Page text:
Government advisors slam Germany’s plans to reduce transport emissions
Clean Energy Wire
Germany’s plans to cut transport emission to get the sector on track for the country’s climate targets are “lacking in sufficient ambition even at the outset”, government advisors said. The Council of Experts on Climate Change, which assesses government programmes to tackle missed climate targets, even refused to check the transport ministry’s emission-cutting plans in detail, because they were blatantly insufficient to reach the sector's climate targets by 2030. The ministry’s emergency climate programme “only saves 14 megatonnes of greenhouse gas emissions, so that a compliance gap of 261 megatonnes remains by 2030”, said Brigitte Knopf, the council’s vice chair. She added the government’s overarching climate emergency programme, which ministries are currently working on, will have to go well beyond the transport ministry’s plans. “Otherwise, the sectoral climate target for 2030 could be missed significantly. This could also result in critical challenges with regard to the European targets.”
Because emissions in transport and buildings last year exceeded Germany’s climate plans, the responsible ministries were obliged to present immediate action programmes in July, which were now assessed by the Council. The experts said the measures proposed by the building ministry would significantly cut emissions, but it remained “questionable” whether the sector could reach its climate target with the outlined steps.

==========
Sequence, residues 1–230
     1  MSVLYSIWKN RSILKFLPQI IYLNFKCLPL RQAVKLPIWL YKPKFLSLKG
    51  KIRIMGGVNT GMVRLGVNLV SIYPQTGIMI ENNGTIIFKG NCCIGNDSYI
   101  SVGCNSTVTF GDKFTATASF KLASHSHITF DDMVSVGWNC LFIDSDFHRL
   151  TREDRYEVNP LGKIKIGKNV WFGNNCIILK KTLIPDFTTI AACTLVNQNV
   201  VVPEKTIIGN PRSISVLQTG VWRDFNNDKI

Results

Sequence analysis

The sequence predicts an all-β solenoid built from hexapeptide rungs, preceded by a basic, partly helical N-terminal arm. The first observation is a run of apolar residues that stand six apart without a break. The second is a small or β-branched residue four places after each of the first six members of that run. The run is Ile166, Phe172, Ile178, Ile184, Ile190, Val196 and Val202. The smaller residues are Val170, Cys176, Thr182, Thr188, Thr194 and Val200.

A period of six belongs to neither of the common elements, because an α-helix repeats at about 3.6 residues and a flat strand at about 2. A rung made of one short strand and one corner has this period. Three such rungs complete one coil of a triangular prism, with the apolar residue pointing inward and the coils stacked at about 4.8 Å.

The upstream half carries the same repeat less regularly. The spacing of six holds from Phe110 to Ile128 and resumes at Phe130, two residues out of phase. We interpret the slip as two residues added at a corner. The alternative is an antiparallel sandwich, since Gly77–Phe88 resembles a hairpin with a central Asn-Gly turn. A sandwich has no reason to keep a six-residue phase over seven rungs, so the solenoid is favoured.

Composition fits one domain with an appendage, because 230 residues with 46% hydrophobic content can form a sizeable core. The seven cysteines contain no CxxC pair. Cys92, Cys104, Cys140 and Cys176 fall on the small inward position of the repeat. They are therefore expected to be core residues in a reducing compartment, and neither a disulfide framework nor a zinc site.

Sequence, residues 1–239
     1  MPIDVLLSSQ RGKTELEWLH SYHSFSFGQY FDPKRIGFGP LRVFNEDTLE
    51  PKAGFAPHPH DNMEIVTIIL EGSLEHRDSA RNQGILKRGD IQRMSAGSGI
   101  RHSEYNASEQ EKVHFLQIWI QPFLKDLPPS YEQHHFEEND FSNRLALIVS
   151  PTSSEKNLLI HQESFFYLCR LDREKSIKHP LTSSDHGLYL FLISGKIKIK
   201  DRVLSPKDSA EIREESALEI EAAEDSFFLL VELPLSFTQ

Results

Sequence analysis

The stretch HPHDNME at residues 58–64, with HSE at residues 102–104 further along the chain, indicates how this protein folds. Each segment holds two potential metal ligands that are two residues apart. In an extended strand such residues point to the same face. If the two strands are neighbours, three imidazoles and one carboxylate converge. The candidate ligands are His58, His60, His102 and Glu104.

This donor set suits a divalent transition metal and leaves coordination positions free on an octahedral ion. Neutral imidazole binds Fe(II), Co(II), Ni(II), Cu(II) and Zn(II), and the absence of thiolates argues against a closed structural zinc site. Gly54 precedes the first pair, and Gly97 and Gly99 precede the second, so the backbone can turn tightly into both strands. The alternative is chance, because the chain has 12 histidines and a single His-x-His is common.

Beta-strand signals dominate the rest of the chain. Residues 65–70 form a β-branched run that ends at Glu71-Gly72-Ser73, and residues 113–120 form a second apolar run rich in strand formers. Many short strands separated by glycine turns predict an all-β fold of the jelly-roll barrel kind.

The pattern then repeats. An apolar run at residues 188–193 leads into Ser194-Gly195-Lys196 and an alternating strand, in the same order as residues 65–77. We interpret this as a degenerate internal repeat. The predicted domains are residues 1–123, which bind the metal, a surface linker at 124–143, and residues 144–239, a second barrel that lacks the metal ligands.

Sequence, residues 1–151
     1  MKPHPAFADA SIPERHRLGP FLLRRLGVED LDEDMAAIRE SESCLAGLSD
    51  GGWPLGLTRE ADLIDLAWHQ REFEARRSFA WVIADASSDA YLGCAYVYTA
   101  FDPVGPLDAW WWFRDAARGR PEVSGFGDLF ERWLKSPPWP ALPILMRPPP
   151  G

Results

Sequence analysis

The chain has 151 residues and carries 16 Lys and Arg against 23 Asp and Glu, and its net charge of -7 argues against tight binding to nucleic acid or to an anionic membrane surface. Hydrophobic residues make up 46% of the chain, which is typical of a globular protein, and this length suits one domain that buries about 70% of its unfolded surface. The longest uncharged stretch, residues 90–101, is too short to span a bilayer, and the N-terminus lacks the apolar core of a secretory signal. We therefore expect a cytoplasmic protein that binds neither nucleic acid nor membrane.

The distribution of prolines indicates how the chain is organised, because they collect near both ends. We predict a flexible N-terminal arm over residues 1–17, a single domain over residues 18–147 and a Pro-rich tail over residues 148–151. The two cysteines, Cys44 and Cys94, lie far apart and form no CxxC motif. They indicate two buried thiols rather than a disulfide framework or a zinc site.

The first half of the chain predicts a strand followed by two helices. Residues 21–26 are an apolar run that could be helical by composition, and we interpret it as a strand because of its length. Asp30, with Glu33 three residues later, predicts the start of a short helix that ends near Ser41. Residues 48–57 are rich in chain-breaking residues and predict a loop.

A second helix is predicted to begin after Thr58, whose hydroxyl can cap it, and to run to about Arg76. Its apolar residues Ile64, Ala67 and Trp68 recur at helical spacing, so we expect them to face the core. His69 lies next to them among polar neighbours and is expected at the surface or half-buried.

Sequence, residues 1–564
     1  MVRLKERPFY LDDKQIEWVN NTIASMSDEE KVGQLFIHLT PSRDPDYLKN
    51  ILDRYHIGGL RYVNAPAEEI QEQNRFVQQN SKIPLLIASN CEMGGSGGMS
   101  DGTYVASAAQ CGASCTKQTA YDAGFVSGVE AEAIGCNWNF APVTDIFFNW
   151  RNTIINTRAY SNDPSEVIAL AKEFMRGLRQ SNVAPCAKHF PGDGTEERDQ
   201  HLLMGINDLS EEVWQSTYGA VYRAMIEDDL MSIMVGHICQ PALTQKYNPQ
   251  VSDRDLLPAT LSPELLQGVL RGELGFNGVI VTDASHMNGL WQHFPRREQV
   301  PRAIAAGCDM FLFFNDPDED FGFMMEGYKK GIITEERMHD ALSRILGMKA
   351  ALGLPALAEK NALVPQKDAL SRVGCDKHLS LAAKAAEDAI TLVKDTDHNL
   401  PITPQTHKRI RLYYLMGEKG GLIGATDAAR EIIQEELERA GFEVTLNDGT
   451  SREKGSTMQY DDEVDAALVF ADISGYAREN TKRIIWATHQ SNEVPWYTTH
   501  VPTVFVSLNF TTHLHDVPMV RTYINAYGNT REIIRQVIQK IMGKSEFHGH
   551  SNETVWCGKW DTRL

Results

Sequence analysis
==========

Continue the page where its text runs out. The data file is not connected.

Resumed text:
Economy minister Robert Habeck said the government must adopt the overarching climate action programme "before the end of September. All sectors must make their contribution, otherwise we will not achieve the climate targets." His ministry said the government aimed to have "a political agreement on the measures" of this programme by the end of September.
NGOs called the council’s transport sector assessment a “disgrace” for the government. Greenpeace said transport minister Volker Wissing, of the pro-business Free Democrats (FDP), “refuses to work on one of the government’s central tasks, the protection of the climate.” In a best-case scenario, the ministry’s plans would add up to emission cuts equalling 5 percent of the amount necessary. Friends of the Earth Germany (BUND) said the council’s “lousy report card” showed that the government must urgently take more drastic steps to cut emissions.